The makeup of the mental health teams vary across the Trust. Some areas have the traditional Community Mental Health Teams others have Affective and Psychosis Intervention Teams. However, all teams offer person centred care with the focus being on recovery. Teams are generally made up of Consultant Psychiatrists, Psychologists, Social Workers, Community Mental Health Nurses, Occupational Therapists, support workers and administration staff.
Affective intervention teams
The affective intervention team is designed to provide treatment to individuals (aged 18 to 65 years) who have a diagnosis relating to their mood e.g. depression and bipolar.
Psychosis intervention teams
The psychosis intervention team is designed to provide treatment to individuals who have a diagnosis relating to distress around, or feeling overwhelmed by, having unusual beliefs and/or hearing or seeing things that others do not e.g. schizophrenia and delusional disorder.
In some areas there is access to Early Intervention in Psychosis teams who support individuals who experience psychosis for the first few years after they are referred to mental health services.
Community mental health teams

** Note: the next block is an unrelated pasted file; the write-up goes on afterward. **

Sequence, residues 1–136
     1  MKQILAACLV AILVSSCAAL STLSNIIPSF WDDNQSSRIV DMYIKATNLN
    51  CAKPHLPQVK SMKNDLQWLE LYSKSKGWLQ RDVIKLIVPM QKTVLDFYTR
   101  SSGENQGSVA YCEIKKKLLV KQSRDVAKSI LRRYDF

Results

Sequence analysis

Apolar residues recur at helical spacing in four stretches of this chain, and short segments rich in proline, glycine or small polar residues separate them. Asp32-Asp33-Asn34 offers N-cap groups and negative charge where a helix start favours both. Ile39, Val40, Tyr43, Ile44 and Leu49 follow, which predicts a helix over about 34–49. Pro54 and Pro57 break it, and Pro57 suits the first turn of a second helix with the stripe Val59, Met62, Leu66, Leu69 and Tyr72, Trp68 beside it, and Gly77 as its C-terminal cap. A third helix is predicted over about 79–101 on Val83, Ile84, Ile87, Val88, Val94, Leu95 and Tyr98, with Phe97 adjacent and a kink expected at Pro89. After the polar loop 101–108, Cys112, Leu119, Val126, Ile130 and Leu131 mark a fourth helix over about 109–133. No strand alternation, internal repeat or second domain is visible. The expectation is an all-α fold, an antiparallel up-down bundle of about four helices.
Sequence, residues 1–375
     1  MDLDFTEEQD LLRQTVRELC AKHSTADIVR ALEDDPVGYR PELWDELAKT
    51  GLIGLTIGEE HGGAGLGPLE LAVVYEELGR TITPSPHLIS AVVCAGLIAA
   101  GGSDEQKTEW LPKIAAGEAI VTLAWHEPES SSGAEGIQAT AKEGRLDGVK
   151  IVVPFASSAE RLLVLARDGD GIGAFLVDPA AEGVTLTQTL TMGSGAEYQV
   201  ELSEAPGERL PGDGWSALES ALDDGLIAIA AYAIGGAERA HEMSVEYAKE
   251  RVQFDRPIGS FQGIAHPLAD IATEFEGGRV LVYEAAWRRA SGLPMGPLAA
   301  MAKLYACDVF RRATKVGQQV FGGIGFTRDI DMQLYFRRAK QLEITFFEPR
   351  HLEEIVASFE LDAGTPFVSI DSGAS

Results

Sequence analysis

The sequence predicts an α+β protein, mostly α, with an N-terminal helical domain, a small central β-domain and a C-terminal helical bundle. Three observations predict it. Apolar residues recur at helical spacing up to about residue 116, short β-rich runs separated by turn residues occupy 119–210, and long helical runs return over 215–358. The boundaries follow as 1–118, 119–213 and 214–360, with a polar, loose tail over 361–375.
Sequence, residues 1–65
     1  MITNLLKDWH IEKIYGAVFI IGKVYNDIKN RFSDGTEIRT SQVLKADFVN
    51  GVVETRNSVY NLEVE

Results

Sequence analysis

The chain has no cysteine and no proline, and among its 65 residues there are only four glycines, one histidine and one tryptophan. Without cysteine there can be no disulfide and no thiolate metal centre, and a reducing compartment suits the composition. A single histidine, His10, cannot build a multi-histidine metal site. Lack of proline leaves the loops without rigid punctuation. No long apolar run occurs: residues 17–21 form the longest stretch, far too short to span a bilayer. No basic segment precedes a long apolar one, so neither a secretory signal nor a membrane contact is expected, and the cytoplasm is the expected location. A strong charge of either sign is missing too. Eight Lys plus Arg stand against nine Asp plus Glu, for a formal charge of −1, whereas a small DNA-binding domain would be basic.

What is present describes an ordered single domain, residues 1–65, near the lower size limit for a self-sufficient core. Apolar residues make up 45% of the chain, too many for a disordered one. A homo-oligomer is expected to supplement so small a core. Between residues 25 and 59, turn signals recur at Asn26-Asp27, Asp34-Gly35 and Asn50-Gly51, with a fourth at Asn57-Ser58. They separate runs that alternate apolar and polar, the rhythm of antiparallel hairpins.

These teams offer interventions to all service users irrespective of their diagnosis.
About the teams
All the teams offer individualised care based upon the person’s identified and agreed needs and goals. There are NICE guidelines and specific care pathways to enable our service users to work towards recovery. Treatment is not all about medication we offer a large range of psychological interventions. When a person is referred in to the service they are allocated a care coordinator or lead professional. Their role is work with the service user to develop a co-produced care plan and facilitate access to the most appropriate treatment.
Accessing the services
Referrals to the service are made via a single point – the Access team/service for the locality. Any health, social care or voluntary agency professional can refer to the Access team.